The option of adoption has been part and parcel of the pro-life movement since its inception. Adoption is a viable alternative to abortion that both mother and child can live with. Even so, a tragically small percentage of women make an adoption plan for their infants.
Due to the scarcity of available babies in America, many families have looked to other countries to adopt their children.
However, recent government regulations have put an already diminishing number of international adoptions on thin ice.
According to David Crary with Associated Press, while the Trump Administration is trimming back government bureaucracy, the State Department is expanding its power and regulation regarding international adoptions.
Those in the adoption community say it’s bad news.
Chuck Johnson, CEO of the National Council for Adoption, is worried about costs spiraling upward and the impact of additional red tape for adoptive families. As of 2016, the number of international adoptions by US parents had already declined by 76 percent since 2004. Johnson believes this added burden will put adoption costs beyond the ability of even more families.
The number of agencies handling international adoptions has also declined.
This is disturbing news considering many of these adoptions are children with special medical or psychological needs. In a significant number of cultures these children are at best shunned and at worst abandoned or outright killed. The lives of children literally depend upon the adoptions being finalized.
A key concern is the financial impact of a new accreditation process for adoption agencies. The Council on Accreditation was so opposed to State Department changes they withdrew from its role in the process. Its president, Richard Klarberg, said they “will have a chilling effect on families…” The organization had a full-time staff of four and relied on volunteers in the adoption community to provide its services.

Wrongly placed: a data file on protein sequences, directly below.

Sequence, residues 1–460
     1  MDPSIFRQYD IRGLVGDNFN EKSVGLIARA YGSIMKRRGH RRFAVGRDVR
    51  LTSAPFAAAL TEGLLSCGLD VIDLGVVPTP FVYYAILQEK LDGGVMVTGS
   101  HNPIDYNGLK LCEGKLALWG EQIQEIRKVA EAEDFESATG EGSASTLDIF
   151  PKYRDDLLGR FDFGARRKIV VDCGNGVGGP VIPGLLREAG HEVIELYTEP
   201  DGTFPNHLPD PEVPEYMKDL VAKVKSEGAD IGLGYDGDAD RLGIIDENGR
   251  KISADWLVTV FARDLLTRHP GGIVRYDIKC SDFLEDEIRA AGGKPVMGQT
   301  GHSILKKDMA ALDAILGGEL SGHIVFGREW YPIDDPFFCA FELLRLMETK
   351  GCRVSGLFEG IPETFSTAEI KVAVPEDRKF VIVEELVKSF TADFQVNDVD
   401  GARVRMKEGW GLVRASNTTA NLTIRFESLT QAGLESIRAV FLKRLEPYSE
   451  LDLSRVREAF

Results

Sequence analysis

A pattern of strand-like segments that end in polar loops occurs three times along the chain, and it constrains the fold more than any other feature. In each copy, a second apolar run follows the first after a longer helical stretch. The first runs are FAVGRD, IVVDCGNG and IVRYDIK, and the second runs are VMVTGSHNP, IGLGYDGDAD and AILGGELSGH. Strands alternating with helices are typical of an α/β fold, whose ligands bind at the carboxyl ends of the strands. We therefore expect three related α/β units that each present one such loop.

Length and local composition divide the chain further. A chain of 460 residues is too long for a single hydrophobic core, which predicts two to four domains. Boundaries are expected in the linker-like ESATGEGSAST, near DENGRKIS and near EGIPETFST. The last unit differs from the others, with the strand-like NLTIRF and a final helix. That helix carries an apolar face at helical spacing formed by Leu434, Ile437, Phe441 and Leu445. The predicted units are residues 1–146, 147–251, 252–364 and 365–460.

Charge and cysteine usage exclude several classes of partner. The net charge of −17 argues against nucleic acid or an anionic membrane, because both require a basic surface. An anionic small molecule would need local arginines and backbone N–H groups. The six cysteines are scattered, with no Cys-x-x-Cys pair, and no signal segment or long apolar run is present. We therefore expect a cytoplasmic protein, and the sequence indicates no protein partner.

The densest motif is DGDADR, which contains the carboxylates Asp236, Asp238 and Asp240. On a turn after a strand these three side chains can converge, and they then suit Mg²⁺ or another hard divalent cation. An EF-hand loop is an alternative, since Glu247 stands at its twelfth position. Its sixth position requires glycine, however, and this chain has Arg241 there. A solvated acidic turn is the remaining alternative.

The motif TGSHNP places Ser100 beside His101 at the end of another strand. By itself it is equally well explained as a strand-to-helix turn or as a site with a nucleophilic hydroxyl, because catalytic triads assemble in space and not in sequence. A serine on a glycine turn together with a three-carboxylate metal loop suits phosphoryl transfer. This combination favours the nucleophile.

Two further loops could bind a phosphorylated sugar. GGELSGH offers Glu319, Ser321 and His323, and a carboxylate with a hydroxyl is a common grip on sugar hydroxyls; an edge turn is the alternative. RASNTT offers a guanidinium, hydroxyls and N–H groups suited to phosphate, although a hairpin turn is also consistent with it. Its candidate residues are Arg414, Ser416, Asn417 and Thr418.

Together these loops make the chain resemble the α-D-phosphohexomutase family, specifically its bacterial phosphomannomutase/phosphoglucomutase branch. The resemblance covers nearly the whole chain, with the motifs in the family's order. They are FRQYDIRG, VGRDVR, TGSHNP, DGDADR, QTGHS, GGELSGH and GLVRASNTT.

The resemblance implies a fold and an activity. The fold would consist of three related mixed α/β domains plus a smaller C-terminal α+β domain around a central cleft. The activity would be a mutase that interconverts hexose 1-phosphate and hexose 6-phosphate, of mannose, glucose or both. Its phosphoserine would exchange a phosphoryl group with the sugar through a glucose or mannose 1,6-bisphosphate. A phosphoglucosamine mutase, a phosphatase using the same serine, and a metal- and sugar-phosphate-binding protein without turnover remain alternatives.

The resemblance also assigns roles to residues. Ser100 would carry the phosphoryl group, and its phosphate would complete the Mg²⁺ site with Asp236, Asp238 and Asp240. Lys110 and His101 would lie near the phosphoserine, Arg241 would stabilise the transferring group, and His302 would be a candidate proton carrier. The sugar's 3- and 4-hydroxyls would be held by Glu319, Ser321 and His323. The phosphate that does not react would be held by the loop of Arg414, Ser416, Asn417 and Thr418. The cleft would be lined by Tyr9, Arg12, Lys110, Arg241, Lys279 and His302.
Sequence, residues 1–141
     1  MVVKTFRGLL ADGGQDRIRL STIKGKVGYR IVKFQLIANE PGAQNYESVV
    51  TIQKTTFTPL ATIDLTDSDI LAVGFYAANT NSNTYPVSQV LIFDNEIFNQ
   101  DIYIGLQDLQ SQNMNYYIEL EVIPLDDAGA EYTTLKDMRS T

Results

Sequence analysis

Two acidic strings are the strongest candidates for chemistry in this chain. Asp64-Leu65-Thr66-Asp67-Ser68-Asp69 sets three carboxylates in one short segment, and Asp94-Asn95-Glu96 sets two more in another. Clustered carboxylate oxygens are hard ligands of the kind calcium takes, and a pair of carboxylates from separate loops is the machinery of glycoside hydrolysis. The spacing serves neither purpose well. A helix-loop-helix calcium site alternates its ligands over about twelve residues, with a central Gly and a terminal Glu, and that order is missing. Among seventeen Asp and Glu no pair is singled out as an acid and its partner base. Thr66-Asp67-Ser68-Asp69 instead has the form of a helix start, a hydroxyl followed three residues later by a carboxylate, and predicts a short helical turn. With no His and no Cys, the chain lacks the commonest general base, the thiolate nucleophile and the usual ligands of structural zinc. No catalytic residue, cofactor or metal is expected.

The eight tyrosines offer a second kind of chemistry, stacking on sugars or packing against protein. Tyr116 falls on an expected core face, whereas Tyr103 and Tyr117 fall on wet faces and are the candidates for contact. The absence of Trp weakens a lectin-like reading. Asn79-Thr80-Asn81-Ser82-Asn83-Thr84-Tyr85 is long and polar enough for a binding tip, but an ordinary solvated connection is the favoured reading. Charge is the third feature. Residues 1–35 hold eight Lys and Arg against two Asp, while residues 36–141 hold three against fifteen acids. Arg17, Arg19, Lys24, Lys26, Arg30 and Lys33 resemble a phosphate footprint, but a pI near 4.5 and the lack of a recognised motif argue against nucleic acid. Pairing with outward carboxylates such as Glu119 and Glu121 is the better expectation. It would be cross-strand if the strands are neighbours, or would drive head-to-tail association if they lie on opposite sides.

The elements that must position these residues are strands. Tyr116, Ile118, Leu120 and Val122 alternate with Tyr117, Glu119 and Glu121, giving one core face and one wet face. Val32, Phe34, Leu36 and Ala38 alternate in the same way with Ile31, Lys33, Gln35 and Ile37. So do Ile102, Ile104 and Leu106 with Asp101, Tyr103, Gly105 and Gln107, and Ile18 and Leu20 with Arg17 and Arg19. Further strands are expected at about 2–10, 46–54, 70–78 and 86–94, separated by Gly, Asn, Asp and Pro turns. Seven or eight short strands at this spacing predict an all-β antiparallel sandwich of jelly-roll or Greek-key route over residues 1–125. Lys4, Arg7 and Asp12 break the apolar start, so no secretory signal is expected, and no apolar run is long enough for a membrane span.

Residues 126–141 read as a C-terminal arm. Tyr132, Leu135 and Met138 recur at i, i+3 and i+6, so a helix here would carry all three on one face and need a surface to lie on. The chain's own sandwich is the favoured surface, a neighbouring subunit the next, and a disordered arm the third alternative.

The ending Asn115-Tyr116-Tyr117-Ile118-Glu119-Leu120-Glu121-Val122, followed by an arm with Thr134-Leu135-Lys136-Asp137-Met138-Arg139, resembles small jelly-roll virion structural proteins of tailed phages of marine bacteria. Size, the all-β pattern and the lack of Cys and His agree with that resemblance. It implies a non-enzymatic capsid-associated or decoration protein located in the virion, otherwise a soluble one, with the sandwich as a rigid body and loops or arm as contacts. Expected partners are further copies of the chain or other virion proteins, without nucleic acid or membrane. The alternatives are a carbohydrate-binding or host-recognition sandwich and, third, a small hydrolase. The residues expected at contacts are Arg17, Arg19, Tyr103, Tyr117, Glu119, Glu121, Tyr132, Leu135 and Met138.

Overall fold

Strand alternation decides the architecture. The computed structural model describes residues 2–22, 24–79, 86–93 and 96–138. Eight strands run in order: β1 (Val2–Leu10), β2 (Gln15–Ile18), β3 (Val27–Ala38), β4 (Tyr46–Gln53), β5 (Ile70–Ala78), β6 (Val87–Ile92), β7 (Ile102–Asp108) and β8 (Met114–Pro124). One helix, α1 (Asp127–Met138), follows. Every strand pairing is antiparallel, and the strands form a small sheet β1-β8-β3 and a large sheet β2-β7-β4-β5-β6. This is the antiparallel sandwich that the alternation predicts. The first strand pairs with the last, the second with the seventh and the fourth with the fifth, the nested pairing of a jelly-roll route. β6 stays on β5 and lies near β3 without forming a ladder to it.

The State Department has replaced it with the new Intercountry Adoption Accreditation and Maintenance Entity (IAAME), which will have at least 20 staff who will more aggressively investigate possible corruption.
To be fair, there has been recent evidence of bribery, false documents and selling of babies which supports the State Department’s concerns.
However, those in the adoption community, like a majority of Americans, have seen the martyrdom of efficiency when the government gets involved.
Adding IAAME will be costly, so the State Department will charge a nonrefundable $500 fee to adoptive families. The two million it is expected to generate is well above the entire operating budget of the Council on Accreditation.
It’s generally believed the new regulations will double the cost of accreditation and increase travel-related expenses for IAAME to conduct on-site inspections of adoption agencies in the both the US and abroad.
Of course these added costs will be passed down to the adoptive families who already face a mountain of expenses ranging from $32,000 to $40,000, depending upon the child’s country of origin.
The focus should be ensuring protection and accountability while not bankrupting would-be families.
What dismays and concerns US adoption agencies is the speed with which the government imposed these new regulations without the opportunity for the adoption community and public to weigh in.
The State Department pooh-poohs the added costs, saying it’s a mere 1.5 percent increase. A typical government response. Tell that to cash-strapped couples forced to hold fundraising events in order to expand their family.